More than 22.2 million Americans engage in past month cannabis use. Over the last several decades, although cannabis users in the US have historically sought out cannabis for recreational purposes, a growing number are exploring cannabis for medicinal reasons. In fact, there are over 1 million registered medical cannabis (MC) consumers in the US, and this number continues to grow as the public becomes increasingly aware of and open to the potential therapeutic effects of cannabis. Legal cannabis is considered the fastest growing market in the United States. As of 2019, 33 states and the District of Columbia have voted to legalize MC, with an additional 15 states providing limited MC access. Further, 11 states and the District of Columbia have also approved adult/recreational cannabis use. Despite these rapid changes in the law, many policy makers, consumers, physicians, and the general public remain misinformed about cannabis.
While there is a growing body of evidence demonstrating alterations in brain structure and function secondary to recreational cannabis use, particularly during vulnerable developmental periods such as adolescence, critical questions regarding the effects of MC remain unanswered. For example, how do recreational and MC use differ? Recreational cannabis and MC, although derived from the same plant species, are often not entirely the same; strains tend to vary in constituent composition, including THC, the main psychoactive component in cannabis, and cannabidiol (CBD), a primary non-intoxicating component. What is the impact of MC on adults with regard to both short and longer term use? MIND is designed to begin to address some of these questions as thus far, little data is available regarding the impact of MC on measures of cognition, clinical state, sleep, quality of life, conventional medication use, and brain-related measures.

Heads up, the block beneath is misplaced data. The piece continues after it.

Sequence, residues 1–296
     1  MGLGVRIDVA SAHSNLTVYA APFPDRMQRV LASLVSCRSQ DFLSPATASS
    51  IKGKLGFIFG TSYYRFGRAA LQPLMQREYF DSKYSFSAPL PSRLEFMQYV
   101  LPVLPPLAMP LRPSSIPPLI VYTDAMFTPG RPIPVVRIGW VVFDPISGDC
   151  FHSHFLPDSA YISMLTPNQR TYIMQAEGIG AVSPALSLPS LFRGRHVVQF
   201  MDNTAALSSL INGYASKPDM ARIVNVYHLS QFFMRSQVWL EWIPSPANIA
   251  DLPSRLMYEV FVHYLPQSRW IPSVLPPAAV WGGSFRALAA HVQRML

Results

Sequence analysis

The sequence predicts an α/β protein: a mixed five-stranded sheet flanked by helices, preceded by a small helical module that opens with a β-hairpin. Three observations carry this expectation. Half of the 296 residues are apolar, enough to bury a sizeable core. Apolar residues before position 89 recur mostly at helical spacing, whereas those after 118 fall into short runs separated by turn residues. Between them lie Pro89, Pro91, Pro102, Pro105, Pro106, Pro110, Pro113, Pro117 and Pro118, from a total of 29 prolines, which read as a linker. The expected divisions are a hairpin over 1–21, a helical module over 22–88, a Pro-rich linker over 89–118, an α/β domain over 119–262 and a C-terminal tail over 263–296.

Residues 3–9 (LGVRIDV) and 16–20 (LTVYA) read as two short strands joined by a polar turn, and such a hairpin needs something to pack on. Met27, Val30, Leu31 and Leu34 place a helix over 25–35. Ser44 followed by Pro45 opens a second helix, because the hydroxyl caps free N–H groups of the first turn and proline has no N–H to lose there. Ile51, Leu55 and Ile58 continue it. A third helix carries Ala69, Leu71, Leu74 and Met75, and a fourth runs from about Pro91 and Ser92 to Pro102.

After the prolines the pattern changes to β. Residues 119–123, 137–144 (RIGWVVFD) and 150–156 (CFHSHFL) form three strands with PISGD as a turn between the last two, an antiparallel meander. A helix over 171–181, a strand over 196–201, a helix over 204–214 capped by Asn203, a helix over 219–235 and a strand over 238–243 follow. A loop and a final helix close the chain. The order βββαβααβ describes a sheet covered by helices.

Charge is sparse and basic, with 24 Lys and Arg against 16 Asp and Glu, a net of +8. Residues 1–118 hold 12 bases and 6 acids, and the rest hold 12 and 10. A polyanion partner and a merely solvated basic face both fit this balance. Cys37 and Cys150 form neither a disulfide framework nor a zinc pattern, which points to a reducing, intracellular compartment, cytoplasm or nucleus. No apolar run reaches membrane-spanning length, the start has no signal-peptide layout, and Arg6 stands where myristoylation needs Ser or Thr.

WHAT IS MIND?
Marijuana Investigations for Neuroscientific Discovery (MIND)
MIND is the first program of its kind!
The MIND program is designed to:
- Examine the unique and synergistic effects of cannabis and its constituents to determine the efficacy of cannabinoids for specific conditions and diseases
- Clarify the overall impact of cannabinoid treatment on physical and mental health
- Improve patients’ overall wellbeing
- Harness the therapeutic potential while minimizing harms of cannabinoid-based treatment
- Support a wide range of studies that will generate ecologically valid, empirically sound data in order to close the gap between policy and science
MIND supports a number of projects which examine cannabinoid-based therapies for a range of indications and conditions using longitudinal, observation, cross-sectional, survey, and clinical trial models. For more information about current research projects, click here
For publications from the MIND program, click here
MIND is currently funded and supported by:
NIDA (1R01 DA048821 01)